From all the ducking going on in Washington, you might wonder who’s going to stand up for anything anymore. That’s the case for our Republican-led delegation in Congress, going along with a raid on Pentagon projects — one of them at the Naval Air Station in Belle Chasse — for funding a border wall sought by President Donald Trump.
This is no way to run a government. And we think that most members of the Louisiana delegation believe that but aren’t courageous enough to say so.
Two projects at the military base in Belle Chasse totaling nearly $40 million have been delayed because of the president’s executive order — an overreach of power for which the same GOP members from Louisiana would have had fits during the previous administration. The two projects are part of $1 billion cut from domestic military spending.
In response to inquiries, most GOP members of the delegation ducked. But the state’s senior senator, Bill Cassidy, R-Baton Rouge, said he had received assurances from the Pentagon on the projects. “DOD has informed us the project will take place in 2020," Cassidy spokesman Ty Bofferding said. "This will not affect military readiness, personnel, pay or base operations.”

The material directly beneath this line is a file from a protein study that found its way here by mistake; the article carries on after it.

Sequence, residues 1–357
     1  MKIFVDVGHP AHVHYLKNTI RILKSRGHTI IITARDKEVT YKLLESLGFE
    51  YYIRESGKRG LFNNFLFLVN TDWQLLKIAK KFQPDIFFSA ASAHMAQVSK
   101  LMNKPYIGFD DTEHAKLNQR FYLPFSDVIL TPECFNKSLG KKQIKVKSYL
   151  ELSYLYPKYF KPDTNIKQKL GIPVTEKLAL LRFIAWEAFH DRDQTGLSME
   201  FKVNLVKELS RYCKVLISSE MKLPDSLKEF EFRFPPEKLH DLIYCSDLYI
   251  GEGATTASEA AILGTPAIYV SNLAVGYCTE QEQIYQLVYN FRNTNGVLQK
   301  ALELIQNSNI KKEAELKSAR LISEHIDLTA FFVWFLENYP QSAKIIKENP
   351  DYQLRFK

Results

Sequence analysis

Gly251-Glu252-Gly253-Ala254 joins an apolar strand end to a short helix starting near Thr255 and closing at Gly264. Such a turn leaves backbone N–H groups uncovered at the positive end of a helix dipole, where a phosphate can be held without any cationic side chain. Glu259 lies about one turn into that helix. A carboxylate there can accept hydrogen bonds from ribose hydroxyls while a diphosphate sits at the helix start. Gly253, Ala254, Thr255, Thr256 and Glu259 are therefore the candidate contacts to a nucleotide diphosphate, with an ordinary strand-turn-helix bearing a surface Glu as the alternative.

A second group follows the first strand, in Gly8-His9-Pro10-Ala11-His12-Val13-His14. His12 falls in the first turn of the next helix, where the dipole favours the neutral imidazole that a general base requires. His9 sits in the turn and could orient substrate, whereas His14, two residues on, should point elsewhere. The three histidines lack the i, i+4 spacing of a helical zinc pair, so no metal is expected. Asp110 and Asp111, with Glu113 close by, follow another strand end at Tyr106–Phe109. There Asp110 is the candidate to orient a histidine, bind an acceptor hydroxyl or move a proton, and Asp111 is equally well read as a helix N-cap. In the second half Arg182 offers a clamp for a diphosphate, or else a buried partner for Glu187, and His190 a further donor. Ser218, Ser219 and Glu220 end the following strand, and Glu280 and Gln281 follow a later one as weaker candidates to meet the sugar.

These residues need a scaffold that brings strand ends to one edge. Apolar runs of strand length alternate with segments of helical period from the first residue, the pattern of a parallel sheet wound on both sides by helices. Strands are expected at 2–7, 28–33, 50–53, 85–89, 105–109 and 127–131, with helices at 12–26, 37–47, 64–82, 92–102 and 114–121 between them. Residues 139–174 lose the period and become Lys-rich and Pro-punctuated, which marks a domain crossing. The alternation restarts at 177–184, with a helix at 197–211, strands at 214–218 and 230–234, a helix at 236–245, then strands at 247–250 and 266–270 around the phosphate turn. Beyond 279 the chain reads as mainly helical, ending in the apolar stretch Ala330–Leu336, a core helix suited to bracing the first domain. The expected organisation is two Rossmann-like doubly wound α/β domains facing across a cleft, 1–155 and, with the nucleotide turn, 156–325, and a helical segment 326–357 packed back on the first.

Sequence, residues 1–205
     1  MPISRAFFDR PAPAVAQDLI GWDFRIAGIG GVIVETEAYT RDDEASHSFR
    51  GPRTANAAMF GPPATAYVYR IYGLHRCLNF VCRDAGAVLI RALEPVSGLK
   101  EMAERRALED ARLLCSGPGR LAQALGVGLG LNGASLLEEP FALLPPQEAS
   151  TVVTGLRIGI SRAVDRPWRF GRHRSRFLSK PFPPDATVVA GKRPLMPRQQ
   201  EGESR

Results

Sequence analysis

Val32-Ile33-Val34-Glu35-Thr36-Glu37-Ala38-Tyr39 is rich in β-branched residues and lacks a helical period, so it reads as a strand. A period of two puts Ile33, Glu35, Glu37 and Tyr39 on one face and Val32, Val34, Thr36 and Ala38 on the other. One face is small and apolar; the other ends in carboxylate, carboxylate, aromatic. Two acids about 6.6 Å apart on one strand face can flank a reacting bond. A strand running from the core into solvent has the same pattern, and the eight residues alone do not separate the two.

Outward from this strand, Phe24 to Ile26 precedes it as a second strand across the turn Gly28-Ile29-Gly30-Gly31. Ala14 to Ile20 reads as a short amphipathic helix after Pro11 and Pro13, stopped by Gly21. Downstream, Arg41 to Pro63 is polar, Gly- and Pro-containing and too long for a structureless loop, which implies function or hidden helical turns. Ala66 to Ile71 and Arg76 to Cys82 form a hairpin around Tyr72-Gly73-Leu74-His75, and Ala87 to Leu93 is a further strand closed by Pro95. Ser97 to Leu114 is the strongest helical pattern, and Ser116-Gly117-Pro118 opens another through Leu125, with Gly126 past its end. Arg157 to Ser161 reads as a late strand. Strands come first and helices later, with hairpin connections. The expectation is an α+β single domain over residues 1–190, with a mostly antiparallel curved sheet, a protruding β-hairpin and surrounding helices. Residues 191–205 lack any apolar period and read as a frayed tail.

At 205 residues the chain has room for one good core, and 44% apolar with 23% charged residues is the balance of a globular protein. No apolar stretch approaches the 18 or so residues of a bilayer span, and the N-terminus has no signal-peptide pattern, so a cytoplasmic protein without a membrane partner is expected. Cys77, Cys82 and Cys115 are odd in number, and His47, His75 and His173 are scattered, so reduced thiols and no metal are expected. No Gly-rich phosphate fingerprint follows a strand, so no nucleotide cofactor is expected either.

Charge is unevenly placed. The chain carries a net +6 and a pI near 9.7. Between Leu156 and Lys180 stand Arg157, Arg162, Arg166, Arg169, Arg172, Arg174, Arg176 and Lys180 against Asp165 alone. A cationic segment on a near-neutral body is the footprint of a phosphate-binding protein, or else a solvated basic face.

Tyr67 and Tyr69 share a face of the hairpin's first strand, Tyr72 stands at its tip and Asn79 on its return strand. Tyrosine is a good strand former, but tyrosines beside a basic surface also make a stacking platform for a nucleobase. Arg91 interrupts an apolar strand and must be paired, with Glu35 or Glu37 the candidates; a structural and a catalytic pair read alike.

We suspect Cassidy and the others will get it done. These are not the biggest construction projects in the world, including a new apron for parking planes at the Belle Chasse base, but we believe that the nation as well as Louisiana ought to object to this kind of process.
The president wants a border wall, a giant project that, even if justified in some areas, is more an ego trip than a real policy to deal with the Rio Grande problem. He couldn’t win a fight in Congress over the money, so he just end-ran the appropriations processes at will.
The GOP, which championed congressional prerogatives during Barack Obama’s administration, has reversed its position and supinely agreed to Trump’s maneuver.
The Naval Air Station Joint Reserve Base is the only Louisiana site on the list of $1 billion in planned military construction deferrals in states across the country. Another $2.6 billion is being diverted from military projects in U.S. territories and other nations.
Maybe some of that money can be deferred without undue harm to national security. But it was appropriated legally, and the border projects are being installed without meaningful input from the people’s representatives on Capitol Hill.
The underlying problem is that both parties in Washington have failed to compromise and generate a sensible immigration bill. In the meantime, whacking this Louisiana project for a wall makes no sense — especially since candidate Trump repeatedly promised that Mexico would pay for the wall, anyway.